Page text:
1,100 Pit Workers Summoned – Damages for Stoppages

14 August 1937

Leeds Mercury – Saturday 14 August 1937

1,100 Pit Workers Summoned
 Damages for Stoppages

Over 1,100 Pit employees, nearly the whole of them youths, were summoned at Doncaster to-day for alleged breach of contract by absenting themselves from work without notice.

About 750 of the cases came from Manvers Main, and the remainder from the Maltby and Denaby Collieries of the Amalgamated Denaby Collieries, Ltd.

Many of the youths travelled to court on bicycles, some in specially chartered ’buses and others by train.

Mr. A. S. Furniss appeared for the colliery companies, and Mr. D. Dunn defended in all the cases.

Mr. Dunn intimated that in most of the cases a breach of contract was admitted, but the amount of the claim was disputed. Mr. Furniss, dealing with the cases from Maltby against 286 youths, in respect of the week July 26 to July 30 inclusive, said the “performance” started on July 17. At that time there had been a reduction in wages under the wages ascertainment, and this was not satisfactory to the lads, who stopped work.

Union Defied

This went on until July 24, when there was a meeting of coalowners and it was recommended that the wages should be reinstated to the amount of the old ascertainment. This was accepted by the miners’ branch and the boys were told that everything was ready for work on July 26. On that day, the morning shift worked normally, but the boys on the afternoon shift went home again, and all the colliers had to go home. Next day, the pit worked normally, but on the day following only a few boys turned up and all went back again. Mr. Furniss added that throughout this trouble at Maltby, the company appreciated that the local branch of the miners’ union had done all they could to try and Instill common sense and discipline into the lads. Mr. Furniss added that the local branch and the headquarters of the union had been set at defiance, and the result was that owing to some possible sinister and subversive interest they did not know of, these lads had set down Maltby pit practically continuously since July 17, without any reasonable cause whatever.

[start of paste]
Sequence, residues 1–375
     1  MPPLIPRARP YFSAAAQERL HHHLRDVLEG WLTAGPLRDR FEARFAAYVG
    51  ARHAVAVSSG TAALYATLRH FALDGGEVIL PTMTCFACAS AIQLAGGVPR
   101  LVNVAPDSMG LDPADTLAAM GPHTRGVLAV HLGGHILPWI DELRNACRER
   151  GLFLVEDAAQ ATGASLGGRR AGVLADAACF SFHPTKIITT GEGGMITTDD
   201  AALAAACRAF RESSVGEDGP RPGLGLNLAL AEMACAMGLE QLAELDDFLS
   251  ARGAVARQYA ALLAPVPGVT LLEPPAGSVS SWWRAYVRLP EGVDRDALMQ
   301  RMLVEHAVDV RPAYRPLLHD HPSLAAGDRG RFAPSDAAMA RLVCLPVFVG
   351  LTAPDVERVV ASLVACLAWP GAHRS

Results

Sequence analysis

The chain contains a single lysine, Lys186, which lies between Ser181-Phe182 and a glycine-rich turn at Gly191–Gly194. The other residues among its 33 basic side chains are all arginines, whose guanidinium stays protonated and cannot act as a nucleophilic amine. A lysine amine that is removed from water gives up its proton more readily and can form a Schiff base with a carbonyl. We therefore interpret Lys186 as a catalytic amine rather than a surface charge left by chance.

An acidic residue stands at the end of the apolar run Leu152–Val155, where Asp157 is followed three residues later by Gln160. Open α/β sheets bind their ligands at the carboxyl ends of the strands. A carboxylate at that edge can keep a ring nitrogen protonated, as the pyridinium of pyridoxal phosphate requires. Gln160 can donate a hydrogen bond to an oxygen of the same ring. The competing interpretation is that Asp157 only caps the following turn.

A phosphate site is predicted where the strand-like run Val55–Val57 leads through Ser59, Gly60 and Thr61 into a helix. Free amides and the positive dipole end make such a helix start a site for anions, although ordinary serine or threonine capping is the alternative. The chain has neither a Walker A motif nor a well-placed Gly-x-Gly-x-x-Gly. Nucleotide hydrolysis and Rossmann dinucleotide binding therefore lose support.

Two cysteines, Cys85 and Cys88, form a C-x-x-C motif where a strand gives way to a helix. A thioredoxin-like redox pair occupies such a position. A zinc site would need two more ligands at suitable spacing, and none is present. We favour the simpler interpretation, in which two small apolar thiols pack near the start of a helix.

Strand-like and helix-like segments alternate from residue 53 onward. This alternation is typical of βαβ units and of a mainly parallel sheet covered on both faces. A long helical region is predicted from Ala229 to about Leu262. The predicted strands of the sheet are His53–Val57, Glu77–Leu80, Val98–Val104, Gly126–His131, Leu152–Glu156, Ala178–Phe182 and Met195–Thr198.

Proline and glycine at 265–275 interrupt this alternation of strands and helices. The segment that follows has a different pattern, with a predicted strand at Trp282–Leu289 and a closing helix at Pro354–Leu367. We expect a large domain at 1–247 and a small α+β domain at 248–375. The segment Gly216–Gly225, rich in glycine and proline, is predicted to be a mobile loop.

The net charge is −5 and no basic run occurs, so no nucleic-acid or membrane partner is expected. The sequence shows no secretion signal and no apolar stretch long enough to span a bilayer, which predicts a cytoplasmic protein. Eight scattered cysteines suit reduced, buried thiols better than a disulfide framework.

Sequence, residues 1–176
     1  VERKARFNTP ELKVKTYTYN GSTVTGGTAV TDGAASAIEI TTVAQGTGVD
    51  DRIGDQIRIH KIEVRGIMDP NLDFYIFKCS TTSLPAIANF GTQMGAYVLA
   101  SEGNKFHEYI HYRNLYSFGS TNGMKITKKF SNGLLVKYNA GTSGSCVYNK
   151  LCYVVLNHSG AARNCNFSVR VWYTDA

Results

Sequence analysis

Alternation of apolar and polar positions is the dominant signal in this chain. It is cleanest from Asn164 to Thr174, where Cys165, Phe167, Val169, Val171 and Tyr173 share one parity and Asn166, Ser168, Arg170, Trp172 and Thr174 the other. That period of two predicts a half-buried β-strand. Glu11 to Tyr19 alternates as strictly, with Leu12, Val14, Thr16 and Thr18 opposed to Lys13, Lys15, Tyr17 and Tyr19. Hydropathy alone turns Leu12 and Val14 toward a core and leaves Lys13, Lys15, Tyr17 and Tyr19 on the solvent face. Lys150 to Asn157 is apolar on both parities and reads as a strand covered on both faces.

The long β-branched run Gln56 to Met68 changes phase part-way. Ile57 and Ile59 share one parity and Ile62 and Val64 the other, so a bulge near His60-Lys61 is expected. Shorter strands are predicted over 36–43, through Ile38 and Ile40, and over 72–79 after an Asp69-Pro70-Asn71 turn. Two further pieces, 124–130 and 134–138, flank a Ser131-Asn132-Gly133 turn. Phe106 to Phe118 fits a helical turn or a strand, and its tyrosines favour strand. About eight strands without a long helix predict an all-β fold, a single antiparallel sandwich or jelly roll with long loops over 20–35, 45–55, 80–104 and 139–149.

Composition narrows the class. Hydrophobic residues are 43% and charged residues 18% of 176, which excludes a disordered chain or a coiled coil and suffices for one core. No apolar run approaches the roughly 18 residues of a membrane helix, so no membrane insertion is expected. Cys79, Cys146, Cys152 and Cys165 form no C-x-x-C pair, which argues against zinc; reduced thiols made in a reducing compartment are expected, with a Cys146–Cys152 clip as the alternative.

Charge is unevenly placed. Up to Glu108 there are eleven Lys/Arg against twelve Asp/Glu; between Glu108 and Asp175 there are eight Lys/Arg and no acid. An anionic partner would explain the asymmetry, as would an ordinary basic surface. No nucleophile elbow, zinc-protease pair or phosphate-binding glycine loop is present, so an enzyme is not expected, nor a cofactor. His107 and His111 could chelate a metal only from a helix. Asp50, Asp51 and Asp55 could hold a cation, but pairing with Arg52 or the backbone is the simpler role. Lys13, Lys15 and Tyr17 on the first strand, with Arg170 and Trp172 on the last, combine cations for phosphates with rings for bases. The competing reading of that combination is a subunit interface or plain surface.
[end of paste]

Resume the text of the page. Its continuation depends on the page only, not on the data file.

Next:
£30,000 Lost In Wages

It was estimated there had been -a loss in wages to colliers of over £30,000, and there was a deadlock. They were still out at Maltby Colliery. The company claimed against each defendant. Mr. Dunn said it would be impossible for these boys to pay forthwith, whatever damages were allowed against them. He suggested binding over the boys in an amount of ascertained damages which they would have to pay if they again broke their contract

The Chairman (Mr. G. Cooke-Yarborough) said if there were any merits on the part of the defendants, he would have been willing to take the course suggested by Mr. Dunn, but there were no merits in this case so far he could see.

Dealing with 89 cases from Denaby Colliery in respect of dates between July 26 and July 30. Mr. Furniss said that most futile excuses had been given by the lads. The pit had been practically closed until today.

Mr Furniss said “the amount of claims varied in sums up to £2.

Mr. Norman Hulley, manager of Denaby Colliery, said he and officials of the local branch of the miners’ union had tried their best to get the lads back to work, but had failed.

One of the defendants, aged 18. said in evidence, that all the lads were willing to go back to work on Monday. Their grievance at the end of July was the shortage of boys to do the work.

Bench’s Decision

Giving the decision of the Bench the Maltby cases, the Chairman said he hoped the lads would realise now the amount of damage they had done to hundreds and thousands of people by their action. They had not only lost colliers an immense amount in wages, but they had caused a great deal of damage to the pit, and they had affected other industries all over the country. The boys would have to pay £5 each, at the rate of 5s. a week.

In the cases from Denaby, the boys were ordered to pay £2, plus 10s. costs, at the rate of 5s. week.

In the Manvers Main cases, the Bench ordered men who had been summoned in respect of July 28 or July 29 to pay 15s. each in respect of each date, and 30s. where the summons related to both dates, plus 10s. costs. The cases against Manvers Main lads were dismissed.